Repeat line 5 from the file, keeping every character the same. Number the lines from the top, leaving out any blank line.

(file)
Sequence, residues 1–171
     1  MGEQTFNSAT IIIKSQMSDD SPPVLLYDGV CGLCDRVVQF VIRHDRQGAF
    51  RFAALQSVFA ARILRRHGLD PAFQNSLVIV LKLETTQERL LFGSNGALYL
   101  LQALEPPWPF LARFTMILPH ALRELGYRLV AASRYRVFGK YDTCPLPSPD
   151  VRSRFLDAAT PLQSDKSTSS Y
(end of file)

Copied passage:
   151  VRSRFLDAAT PLQSDKSTSS Y